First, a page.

• May–July 2009. BearingPoint and Deloitte advisers encountered indications of political interference in financial supervision functions. For example, in a training class, a trainer stated that DAB had the power to remove the management of Kabul Bank. Trainees responded that, in reality, Kabul Bank had the power to remove DAB’s management. Although not discussed in the draft OIG report, it was widely known in Afghanistan at the time that Kabul Bank’s senior management and shareholders were politically well-connected, and this comment appears to be an expression of real-world political constraints in Afghanistan. It is not clear that this serves as an indicator of fraud. • November 2009. The DAB governor raised serious concerns to Deloitte’s lead adviser about Kabul Bank’s behavior and the financial condition of bank shareholders. Deloitte took some action during this period in response to the rumors. Deloitte’s lead adviser drafted a memorandum to the DAB Governor dated January 7, 2010, regarding “[m]easures to reduce or eliminate shareholder involvement in bank affairs.” The memorandum included recommendations on on-site supervision “enhancements” to help DAB trace funds back to shareholders. The lead adviser also sent several emails to his team of advisers regarding the need to focus on the detection of fraud and abusive loans. See emails from Deloitte lead adviser dated December 20 and 21, 2009, and January 27, 2010. Deloitte advisers also inquired and received repeated assurances from DAB examiners that the allegations of insider shareholder abuse had been investigated in targeted examinations, and no links were found between Kabul Bank’s funds and the questionable investments. When Deloitte did learn of evidence about an interest-free loan issued at another bank as a result of corruption during this time period, it informed USAID promptly. See November 19, 2009, email from Deloitte to USAID. USAID agrees that Deloitte should have aggressively reported evidence of fraud at Kabul Bank to the Mission. USAID/Afghanistan intends to formally address the scope of confidentiality between advisers and DAB, if any, and the type of information that must be shared by contractors with USAID in future contracts involving banking supervision. • December 2009. According to Deloitte, rumors circulated that Kabul Bank shareholders had invested in Dubai real estate using funds supplied by Kabul Bank. After the February 22, 2010, Washington Post article was published, Deloitte proactively proposed actions to USAID on how to respond, including proposing a forensic audit of Kabul Bank as the first and most important action. The Mission agreed with Deloitte that such an audit was crucial to detect fraud at Kabul Bank. Following a March 7, 2010, meeting between the USG interagency and the DAB Governor, it was agreed that the USG would take the lead on procuring a US audit firm to conduct a forensic audit, but USAID would not be a participant. USAID emailed Deloitte on March 9, 2010, instructing Deloitte to “hold off on identifying a forensic accountant” since “[i]t looks like this will be picked up by someone else.” Therefore Deloitte can not be faulted for not taking action on a forensic audit after this time. During the spring and summer of 2010, Deloitte advisers did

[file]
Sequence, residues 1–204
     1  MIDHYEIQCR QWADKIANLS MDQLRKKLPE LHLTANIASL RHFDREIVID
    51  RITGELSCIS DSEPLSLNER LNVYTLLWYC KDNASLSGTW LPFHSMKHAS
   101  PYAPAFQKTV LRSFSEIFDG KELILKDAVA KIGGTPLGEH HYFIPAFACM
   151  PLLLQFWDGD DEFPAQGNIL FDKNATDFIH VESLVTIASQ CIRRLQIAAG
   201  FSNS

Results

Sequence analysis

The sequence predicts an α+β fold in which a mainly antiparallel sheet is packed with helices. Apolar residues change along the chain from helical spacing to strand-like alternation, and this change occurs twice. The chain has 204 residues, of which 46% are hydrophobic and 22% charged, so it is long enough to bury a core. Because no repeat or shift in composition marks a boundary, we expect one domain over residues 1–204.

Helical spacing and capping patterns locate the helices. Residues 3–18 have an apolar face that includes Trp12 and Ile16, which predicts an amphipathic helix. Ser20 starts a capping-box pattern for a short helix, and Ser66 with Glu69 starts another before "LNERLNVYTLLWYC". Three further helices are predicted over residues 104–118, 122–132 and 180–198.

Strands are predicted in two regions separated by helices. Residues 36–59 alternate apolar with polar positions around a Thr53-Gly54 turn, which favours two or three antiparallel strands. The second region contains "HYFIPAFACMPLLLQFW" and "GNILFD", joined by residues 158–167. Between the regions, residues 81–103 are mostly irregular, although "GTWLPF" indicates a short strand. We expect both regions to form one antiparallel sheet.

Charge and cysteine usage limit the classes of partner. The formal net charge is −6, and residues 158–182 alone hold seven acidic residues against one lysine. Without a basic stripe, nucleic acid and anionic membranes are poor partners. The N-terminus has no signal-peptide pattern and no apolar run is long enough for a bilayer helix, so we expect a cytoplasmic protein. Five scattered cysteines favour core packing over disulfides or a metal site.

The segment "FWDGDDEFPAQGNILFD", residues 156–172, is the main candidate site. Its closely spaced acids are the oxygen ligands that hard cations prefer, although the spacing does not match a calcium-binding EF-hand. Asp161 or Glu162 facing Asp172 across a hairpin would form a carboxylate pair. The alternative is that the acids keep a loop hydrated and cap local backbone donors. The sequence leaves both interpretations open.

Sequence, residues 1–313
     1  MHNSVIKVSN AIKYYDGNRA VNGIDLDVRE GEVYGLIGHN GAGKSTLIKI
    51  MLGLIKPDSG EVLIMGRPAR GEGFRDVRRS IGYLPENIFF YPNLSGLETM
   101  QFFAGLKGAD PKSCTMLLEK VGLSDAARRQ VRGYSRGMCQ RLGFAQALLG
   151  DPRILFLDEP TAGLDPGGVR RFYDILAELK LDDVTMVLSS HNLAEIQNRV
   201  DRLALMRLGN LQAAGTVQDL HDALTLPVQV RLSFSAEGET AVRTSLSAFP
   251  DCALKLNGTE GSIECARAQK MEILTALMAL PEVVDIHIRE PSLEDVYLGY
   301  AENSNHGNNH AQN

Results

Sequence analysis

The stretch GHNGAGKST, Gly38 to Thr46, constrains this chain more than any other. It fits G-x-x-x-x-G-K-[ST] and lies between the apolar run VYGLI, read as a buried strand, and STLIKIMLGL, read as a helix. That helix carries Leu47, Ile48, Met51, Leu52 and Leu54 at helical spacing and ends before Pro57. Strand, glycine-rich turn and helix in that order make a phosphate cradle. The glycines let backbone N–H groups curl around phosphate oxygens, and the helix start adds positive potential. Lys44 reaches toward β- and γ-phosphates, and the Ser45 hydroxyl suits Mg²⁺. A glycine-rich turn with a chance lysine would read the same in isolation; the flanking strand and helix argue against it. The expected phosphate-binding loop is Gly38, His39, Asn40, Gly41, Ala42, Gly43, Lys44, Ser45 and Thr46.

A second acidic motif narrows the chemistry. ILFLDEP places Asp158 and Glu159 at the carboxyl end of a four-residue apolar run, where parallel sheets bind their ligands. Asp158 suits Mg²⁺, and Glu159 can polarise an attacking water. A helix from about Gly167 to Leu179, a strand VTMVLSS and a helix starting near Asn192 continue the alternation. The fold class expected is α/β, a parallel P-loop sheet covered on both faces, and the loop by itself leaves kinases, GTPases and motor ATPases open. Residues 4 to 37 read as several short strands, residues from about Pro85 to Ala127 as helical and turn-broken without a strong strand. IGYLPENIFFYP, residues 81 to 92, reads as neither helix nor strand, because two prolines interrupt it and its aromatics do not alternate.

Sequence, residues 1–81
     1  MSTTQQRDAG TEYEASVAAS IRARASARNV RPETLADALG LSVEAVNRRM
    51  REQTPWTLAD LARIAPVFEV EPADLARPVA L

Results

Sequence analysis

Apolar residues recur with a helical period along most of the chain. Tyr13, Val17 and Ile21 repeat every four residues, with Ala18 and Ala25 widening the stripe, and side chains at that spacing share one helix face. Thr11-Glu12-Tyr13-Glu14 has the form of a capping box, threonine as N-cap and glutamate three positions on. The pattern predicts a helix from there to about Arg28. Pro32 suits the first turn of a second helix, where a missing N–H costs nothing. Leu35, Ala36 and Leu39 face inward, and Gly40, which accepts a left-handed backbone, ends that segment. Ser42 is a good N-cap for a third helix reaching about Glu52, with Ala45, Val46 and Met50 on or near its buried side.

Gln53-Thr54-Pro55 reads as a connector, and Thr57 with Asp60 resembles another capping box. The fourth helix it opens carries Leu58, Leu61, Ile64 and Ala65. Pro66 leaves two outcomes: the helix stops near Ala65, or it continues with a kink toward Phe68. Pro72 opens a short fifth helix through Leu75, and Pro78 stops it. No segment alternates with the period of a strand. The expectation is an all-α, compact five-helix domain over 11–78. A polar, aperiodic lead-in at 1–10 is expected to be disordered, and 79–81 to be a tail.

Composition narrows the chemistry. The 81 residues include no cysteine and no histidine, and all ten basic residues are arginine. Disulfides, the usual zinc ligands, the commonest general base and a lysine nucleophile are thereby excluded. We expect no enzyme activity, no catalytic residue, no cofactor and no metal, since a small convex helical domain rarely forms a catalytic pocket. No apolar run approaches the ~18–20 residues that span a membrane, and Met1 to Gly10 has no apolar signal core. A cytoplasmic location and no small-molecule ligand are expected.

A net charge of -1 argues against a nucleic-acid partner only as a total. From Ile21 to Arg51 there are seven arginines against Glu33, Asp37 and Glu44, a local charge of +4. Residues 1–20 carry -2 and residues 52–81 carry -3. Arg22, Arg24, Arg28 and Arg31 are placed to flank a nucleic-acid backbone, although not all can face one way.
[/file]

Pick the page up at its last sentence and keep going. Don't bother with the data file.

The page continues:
15